Exotic in Wisconsin

By Crystal Chan | June 4, 2014


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Crystal Chan grew up a mixed-race kid in Wisconsin. She tells us she’s been finding her place and answering people’s questions about her place ever since.


Growing up in Oshkosh was ideal in many ways. There were quiet streets, woods to explore and clear, starry night skies. The only thing missing were other mixed-race kids like me. I’d get the question a lot:
“What are you?”

I’d give my routine answer.

“My dad is Chinese and my mom is white, so I am half and half.”

Sometimes people would cock their heads, confused. Sometimes they would ask how my parents could ever have possibly met. Sometimes their eyebrows would raise and they would say, gosh, you’re so exotic.

In the beginning, I liked their questions and their various reactions. I’d make people guess what I was, and I’d get everything from Russian to Filipino to Greek to Spanish. No one would ever guess correctly. And as I got older, when I tell people the truth, sometimes they would retort that I’m wrong. I’m not half-Chinese.

On more than one occasion, someone demanded that I show my driver’s license as proof. Proof of my own existence, I guess. Later on in college, the question “what are you?” started to bother me. First of all, why am I a “what” when everyone else is a “who”? And more importantly, I wasn’t sure why the question mattered so very much in the first place.

Once, someone stared at me from the other side of the street, crossed over and demanded to know what I was. Like most cases, she didn’t want to get to know me. When I told her what my mix was, she muttered: “I knew you didn’t fit,” and promptly walked away. I

t’s said that the United States is a melting pot, but I’m not sure that we as a country, across the generations, are comfortable with the realities of that melting. Maybe we prefer more the tossed salad approach? Different items thrown in together, but still separate. If the melting pot image is at all true, then this country has an insatiable hunger to know what exactly is being melted together.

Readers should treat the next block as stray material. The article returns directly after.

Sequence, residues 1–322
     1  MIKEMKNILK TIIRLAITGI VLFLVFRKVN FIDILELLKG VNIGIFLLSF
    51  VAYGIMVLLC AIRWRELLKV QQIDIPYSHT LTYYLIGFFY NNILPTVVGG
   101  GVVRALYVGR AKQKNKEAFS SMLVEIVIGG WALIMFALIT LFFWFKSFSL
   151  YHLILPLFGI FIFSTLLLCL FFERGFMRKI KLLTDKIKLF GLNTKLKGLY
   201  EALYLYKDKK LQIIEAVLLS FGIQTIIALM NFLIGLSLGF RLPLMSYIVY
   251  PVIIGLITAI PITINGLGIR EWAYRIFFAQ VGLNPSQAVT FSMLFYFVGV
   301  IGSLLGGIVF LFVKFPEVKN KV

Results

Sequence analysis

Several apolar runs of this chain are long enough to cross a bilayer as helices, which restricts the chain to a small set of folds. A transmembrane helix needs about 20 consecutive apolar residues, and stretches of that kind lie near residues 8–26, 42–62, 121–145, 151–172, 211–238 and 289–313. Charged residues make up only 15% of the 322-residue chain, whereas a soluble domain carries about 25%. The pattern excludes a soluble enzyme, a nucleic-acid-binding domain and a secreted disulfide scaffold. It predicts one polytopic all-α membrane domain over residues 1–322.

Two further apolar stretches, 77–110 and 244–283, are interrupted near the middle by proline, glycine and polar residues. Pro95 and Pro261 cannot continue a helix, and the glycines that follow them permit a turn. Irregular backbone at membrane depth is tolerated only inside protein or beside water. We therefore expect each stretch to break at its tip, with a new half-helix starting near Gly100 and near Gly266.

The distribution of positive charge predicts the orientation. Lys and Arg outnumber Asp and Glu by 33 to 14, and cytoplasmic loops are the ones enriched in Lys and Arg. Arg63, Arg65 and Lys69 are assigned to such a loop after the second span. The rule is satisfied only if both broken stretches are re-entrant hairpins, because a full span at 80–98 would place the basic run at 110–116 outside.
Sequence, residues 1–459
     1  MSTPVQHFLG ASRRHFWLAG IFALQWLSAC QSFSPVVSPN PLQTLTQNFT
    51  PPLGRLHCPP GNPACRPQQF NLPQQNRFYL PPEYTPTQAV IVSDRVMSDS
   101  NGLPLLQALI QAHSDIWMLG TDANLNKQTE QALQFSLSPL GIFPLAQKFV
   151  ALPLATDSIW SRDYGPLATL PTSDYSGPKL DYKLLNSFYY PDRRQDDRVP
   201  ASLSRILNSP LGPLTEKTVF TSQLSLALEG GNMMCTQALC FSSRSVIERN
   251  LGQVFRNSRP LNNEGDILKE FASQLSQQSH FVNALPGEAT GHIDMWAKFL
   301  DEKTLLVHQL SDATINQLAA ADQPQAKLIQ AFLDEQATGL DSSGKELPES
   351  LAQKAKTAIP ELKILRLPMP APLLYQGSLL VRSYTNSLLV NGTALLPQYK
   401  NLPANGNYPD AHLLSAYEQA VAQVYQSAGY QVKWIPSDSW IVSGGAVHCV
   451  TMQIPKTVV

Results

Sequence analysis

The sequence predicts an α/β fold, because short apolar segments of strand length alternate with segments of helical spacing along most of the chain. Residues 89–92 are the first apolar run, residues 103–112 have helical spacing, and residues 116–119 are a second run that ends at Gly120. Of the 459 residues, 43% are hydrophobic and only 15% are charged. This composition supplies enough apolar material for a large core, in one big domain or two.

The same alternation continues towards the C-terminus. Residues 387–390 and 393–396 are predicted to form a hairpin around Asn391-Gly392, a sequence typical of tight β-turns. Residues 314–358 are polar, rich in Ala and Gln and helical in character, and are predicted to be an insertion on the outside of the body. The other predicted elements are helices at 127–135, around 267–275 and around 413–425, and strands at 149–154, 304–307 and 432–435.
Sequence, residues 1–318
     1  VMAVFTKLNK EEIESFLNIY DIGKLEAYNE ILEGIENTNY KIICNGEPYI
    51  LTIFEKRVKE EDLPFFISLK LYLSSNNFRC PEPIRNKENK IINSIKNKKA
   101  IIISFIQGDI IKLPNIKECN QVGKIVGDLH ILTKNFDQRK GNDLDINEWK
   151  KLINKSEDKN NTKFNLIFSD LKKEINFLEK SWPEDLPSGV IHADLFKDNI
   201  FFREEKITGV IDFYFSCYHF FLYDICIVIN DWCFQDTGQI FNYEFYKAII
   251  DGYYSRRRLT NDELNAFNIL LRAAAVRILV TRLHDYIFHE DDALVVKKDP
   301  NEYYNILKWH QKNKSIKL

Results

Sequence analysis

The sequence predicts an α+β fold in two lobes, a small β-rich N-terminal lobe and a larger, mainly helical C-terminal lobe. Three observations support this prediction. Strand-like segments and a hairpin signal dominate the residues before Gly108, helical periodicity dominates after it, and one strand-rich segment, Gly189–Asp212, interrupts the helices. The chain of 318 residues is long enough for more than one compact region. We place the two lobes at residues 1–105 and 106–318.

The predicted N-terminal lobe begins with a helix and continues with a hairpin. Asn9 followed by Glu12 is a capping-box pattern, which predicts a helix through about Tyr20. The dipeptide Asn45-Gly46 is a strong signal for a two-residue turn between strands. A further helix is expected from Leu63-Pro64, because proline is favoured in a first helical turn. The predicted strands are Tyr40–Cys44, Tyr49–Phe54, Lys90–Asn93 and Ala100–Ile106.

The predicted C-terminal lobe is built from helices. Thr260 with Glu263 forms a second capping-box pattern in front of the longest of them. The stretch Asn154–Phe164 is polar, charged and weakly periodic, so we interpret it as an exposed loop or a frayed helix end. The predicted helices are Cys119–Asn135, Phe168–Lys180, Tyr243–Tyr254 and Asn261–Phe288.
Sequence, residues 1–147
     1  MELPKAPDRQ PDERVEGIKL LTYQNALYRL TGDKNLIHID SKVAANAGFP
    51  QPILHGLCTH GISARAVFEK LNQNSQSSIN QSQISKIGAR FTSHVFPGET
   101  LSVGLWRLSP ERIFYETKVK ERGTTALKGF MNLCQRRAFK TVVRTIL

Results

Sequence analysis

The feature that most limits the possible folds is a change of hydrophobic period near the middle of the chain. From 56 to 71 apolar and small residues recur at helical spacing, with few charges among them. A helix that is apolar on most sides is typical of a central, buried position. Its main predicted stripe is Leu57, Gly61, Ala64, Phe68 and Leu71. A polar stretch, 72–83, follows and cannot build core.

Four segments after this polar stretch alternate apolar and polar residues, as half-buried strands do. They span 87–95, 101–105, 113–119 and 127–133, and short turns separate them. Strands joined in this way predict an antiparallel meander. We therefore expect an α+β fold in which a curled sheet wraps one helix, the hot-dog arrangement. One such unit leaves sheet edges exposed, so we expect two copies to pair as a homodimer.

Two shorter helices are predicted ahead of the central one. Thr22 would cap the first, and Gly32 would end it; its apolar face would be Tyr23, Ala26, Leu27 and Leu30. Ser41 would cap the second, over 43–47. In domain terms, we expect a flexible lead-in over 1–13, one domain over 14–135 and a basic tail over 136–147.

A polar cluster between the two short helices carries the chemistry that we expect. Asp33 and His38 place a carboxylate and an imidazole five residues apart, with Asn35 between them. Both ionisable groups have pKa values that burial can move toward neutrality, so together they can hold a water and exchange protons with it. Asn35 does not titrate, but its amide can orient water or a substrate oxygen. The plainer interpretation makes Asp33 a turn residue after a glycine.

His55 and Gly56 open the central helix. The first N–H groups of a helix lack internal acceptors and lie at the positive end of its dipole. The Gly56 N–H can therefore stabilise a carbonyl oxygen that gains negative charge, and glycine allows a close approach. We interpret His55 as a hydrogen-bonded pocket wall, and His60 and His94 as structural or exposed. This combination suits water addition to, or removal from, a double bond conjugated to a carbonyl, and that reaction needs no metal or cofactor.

I get the exotic line frequently, meant always as a compliment. “Oh, I’m so plain. But you are so exotic”, people would say.

But when I look in the mirror, I wouldn’t see anyone exotic. I just see plain old me. Exotic means something doesn’t grow naturally in its habitat, that it’s from another part of the world, that it doesn’t quite belong. Wisconsin was where I was born and raised. I know the country roads.

How could I possibly be out of place? How could I possibly be exotic? It took me a long time to realize that the word ‘exotic’ reflects only the speaker’s perspective, not at all what or who the person is speaking about. For example, an orchid is exotic in Wisconsin. Snow is exotic in Singapore.

I’m waiting for the day when the word ‘exotic’ won’t pop up anymore, when I give my racial background. (That’s) because we’ll be used to race as mixing no matter where we live. In the meantime, I look forward to conversations where race is not a point of alienation or objectification, but a starting point for dialogue, where we can celebrate our uniqueness as well as our points of deepest connection. When people now tell me I’m exotic, I smile and thank them for the compliment, knowing also that the humid smell of cornfields runs deep in my blood.

Crystal Chan

Crystal Chan

Crystal Chan grew up as a mixed-race kid in the middle of the Wisconsin cornfields and has been trying to find her place in the world ever since. Over time, she found that her heart lies in public speaking, performing, and ultimately, writing. She has given talks and workshops across...
2024-02-05T12:19:04-06:00Tags: , , , , , , |

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